EPA Completes Cleanup of More Than 600 South Minneapolis Homes Ahead of Schedule
The U.S. Environmental Protection Agency has finished cleaning up contaminated soil in a south Minneapolis neighborhood a full year ahead of schedlue.
EPA regional administrator Susan Hedman was joined by officials from the Minnesota Department of Agriculture and the city of Minneapolis at an event today for neighborhood residents at the East Phillips Community Center.
The EPA used $20 million in American Recovery and Reinvestment Act funding, along with other funds, to clean up more than 600 properties. EPA removed more than 50,000 tons of arsenic-contaminated soil, filled the yards with clean soil and replanted plants and grass. The entire cost of the Superfund cleanup was $28 million.
“EPA is pleased that the people of South Minneapolis can now enjoy their yards safely and without fear of their children being exposed to arsenic," said Hedman. “The infusion of Recovery Act funding allowed EPA to make more yards safe for homeowners, renters and residents of all ages."
EPA began its Superfund cleanup in 2004 and stepped up the process in 2009 when ARRA funding was provided.
“Making Minneapolis a safe place to call home is one of our most important jobs, and that includes making sure the environment we live in is a safe place for kids, families, and everyone,” said Mayor R.T. Rybak. “A cleanup like this is no small project, which is why we’re grateful for the EPA’s long-term partnership and commitment to this cleanup, as well as to the assistance from the Obama Administration’s Recovery Act. Minneapolis is a safer place to live thanks to this important work.”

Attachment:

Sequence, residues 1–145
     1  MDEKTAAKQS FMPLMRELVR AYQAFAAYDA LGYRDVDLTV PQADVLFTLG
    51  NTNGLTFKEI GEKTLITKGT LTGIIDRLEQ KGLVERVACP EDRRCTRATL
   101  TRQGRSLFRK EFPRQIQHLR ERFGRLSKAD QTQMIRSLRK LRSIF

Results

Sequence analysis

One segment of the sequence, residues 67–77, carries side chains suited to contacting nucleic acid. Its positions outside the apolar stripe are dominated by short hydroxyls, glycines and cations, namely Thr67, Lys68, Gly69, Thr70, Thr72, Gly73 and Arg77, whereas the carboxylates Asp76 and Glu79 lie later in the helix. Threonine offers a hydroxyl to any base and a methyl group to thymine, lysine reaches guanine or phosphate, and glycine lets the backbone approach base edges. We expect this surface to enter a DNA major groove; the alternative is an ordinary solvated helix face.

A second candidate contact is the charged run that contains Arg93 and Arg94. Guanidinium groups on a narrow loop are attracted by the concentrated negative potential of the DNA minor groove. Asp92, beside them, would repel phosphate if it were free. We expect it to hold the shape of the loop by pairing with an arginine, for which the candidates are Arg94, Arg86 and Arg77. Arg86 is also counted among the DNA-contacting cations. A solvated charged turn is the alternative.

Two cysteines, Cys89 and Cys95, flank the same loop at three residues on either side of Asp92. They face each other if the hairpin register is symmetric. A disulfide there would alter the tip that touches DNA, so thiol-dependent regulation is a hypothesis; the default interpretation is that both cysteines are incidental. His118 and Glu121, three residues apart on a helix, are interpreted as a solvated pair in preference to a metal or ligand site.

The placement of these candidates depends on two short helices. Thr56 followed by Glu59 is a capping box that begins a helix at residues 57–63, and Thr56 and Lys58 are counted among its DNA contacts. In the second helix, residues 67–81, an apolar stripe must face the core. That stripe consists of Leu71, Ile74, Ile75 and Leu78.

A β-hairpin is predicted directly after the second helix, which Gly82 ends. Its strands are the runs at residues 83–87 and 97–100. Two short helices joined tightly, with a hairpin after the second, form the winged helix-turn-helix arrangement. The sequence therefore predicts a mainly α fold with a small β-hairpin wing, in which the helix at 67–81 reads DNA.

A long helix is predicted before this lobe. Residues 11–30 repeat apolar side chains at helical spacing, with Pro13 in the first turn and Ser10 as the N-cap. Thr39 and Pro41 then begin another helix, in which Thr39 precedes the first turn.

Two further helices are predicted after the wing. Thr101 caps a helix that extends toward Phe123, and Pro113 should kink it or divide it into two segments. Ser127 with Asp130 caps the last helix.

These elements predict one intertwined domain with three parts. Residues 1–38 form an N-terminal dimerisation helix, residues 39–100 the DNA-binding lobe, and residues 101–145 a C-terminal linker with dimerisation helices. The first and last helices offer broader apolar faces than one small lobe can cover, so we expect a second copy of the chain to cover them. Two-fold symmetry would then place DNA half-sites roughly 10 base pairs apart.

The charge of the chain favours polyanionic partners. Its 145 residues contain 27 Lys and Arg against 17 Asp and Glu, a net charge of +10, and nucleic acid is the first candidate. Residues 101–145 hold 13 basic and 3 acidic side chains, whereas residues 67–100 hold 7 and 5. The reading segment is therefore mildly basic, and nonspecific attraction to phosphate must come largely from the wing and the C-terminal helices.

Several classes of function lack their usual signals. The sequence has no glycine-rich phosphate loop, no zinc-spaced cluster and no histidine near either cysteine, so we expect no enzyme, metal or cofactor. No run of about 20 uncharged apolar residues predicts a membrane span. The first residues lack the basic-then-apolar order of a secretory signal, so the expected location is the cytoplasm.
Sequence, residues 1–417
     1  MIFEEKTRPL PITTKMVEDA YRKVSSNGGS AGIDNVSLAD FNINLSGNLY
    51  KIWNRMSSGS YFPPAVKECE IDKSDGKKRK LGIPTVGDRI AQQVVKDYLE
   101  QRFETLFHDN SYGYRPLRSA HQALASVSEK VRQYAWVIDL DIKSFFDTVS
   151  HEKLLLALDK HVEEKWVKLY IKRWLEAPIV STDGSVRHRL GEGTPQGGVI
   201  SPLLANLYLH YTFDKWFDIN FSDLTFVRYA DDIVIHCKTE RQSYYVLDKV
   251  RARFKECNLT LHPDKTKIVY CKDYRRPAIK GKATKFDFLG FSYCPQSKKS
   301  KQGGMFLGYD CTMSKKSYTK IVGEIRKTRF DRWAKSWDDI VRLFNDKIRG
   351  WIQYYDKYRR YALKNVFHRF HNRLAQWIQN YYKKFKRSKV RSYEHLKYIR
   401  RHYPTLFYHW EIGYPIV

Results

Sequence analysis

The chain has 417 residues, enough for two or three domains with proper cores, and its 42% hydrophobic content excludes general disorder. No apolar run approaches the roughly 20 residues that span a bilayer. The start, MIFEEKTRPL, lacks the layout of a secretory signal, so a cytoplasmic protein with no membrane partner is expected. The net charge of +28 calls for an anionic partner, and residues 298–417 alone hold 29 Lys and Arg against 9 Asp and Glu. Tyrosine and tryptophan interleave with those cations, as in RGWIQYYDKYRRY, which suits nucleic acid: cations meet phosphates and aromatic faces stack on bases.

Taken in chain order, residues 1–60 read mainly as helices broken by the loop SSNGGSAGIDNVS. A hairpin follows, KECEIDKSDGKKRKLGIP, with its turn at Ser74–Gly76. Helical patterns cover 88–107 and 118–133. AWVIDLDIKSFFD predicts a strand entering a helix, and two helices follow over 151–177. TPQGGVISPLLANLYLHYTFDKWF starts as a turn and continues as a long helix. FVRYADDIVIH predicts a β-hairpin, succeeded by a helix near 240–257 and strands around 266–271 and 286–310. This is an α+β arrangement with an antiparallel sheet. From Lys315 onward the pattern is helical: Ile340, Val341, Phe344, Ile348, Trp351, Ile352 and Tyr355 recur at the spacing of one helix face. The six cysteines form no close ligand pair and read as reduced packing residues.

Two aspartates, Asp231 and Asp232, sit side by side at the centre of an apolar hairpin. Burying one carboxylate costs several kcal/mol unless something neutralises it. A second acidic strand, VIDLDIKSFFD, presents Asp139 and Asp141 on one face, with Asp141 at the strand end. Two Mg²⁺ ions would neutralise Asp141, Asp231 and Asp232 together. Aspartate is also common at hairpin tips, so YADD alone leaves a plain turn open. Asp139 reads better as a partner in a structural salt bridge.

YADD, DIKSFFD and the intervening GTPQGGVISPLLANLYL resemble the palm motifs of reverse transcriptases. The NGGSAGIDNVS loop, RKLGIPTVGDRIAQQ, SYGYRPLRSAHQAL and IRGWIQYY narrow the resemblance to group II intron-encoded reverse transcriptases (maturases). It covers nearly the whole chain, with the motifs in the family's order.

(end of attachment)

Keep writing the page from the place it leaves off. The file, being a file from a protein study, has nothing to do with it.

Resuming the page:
“Working together, we completed a massive cleanup and we got it right for the residents of the neighborhood,” said MDA Commissioner Dave Fredrickson. “I want to thank everyone who made it happen, especially the residents and community leaders for their patience and assistance.”
The South Minneapolis Superfund site encompasses several neighborhoods near 2016 28th St. E., the location of the former CMC Heartland Partners Lite Yard, where a pesticide containing arsenic was produced. Contaminated material from an open-air conveyor belt railcar-unloading and product-mixing operation is believed to have been wind-blown into surrounding neighborhoods. Long-term exposure to arsenic has been linked to cancer.
Reflecting the area’s diverse makeup, EPA printed fact sheets in Spanish, Hmong, Vietnamese, and Somali as well as English, and deployed bilingual staff and translators to the neighborhood. Residents – who paid nothing for the cleanup – were able to continue living in their homes throughout the project. Removing contamination also enhances the resale value of these properties.
EPA’s Superfund program managed the cleanup. The federal Superfund program was created in 1980 to clean up uncontrolled hazardous waste sites that pose unacceptable risks to human health and the environment.
For more information on the South Minneapolis Residential Soil Contamination Superfund site, see www.epa.gov/region5/sites/cmcheartland.